Study of the High Rate Chemical Mechanical Polishing of Heavily Boron-doped Polysilicon for 3D Applications

  • Author / Creator
    Pirayesh, Hamidreza
  • The chemical mechanical polishing of polysilicon is a complex process and is not well understood. Despite this, it is used in the semiconductor industry for applications such as via filling and 3D packaging. Although the doping of polysilicon enables applying a wide range of conductivities, boron-doped polysilicon has shown a poor polish removal rates. This is mainly due to role of boron ions in limiting the chemical agent transportation to the surface. Some applications require the removal of more than 10 m of B-doped polysilicon and improvement in the polish rate would reduce the fabrication costs and significantly improve throughput. In this study, it is shown that the adverse effects of boron on polysilicon polishing rate can be minimized by increasing the mechanical interactions during CMP. This was achieved by control of the lubrication behavior during polishing. In addition, enhancement of the process methodology and slurry properties led to an increase of up to 100% in polish rate compared to standard boron-doped polysilicon polish methods. The increase in polish rate did not show any significant wafer surface defect inducing damage.

  • Subjects / Keywords
  • Graduation date
  • Type of Item
  • Degree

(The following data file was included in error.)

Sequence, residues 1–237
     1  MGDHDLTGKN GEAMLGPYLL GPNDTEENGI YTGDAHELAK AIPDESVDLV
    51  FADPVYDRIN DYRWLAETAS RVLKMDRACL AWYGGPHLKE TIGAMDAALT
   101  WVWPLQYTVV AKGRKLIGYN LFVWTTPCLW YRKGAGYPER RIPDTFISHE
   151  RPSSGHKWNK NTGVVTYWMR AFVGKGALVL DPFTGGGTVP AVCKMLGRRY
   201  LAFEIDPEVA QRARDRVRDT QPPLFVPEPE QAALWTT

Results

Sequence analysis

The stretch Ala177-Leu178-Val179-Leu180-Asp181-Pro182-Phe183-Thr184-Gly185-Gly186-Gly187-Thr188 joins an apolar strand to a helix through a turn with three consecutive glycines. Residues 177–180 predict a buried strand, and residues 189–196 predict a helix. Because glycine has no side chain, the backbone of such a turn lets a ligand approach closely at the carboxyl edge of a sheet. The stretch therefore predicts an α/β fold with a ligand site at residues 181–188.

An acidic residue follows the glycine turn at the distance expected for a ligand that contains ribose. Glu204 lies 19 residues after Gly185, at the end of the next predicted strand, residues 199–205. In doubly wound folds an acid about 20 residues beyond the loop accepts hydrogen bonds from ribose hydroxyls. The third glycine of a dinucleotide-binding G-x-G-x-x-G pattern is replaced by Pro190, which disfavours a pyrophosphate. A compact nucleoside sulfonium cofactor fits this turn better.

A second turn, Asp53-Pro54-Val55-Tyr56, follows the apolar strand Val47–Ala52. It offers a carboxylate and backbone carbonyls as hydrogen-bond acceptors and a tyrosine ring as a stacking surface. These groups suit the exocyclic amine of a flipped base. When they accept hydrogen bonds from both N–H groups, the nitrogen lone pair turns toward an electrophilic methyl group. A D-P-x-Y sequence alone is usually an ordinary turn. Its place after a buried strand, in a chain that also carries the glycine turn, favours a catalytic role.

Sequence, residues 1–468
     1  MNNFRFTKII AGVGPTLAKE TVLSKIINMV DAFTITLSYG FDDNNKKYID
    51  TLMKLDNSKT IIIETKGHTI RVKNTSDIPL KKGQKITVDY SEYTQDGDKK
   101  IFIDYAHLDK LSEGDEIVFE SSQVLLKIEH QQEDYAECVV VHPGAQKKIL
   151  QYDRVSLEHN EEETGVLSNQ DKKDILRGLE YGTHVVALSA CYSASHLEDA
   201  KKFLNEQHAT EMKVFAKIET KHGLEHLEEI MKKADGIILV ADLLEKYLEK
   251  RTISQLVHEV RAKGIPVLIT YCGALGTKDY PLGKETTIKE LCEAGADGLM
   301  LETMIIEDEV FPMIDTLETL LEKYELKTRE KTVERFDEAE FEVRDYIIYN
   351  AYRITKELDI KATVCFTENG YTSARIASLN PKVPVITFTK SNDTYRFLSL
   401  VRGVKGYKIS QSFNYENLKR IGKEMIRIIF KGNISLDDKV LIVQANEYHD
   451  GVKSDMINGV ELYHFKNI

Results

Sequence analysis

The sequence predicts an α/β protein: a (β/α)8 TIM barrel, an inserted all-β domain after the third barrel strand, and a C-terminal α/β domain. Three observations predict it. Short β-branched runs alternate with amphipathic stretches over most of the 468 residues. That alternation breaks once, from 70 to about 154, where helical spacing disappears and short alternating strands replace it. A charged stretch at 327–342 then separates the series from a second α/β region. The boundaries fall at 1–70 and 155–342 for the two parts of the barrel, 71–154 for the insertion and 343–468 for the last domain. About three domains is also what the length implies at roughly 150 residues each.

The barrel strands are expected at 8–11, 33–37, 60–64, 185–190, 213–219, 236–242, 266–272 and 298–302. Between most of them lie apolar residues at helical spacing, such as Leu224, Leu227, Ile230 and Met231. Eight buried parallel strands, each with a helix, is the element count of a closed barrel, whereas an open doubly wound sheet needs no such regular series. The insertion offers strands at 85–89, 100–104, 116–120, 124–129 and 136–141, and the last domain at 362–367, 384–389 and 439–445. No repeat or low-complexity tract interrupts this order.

Doctor of Philosophy
  • DOI
  • License
    This thesis is made available by the University of Alberta Libraries with permission of the copyright owner solely for non-commercial purposes. This thesis, or any portion thereof, may not otherwise be copied or reproduced without the written consent of the copyright owner, except to the extent permitted by Canadian copyright law.
  • Language
  • Institution
    University of Alberta
  • Degree level
  • Department
    • Department of Chemical and Materials Engineering
  • Specialization
    • Materials Engineering
  • Supervisor / co-supervisor and their department(s)
    • Cadien, Kenneth (Chemical and Materials Engineering)
  • Examining committee members and their departments
    • Cadien, Kenneth (Chemical and Materials Engineering)
    • Xu, Zhenghe (Chemical and Materials Engineering)
    • Zeng, Hongbo (Chemical and Materials Engineering)
    • S. V. Babu (Clarkson University)
    • Barlage, Douglas (Chemical and Materials Engineering)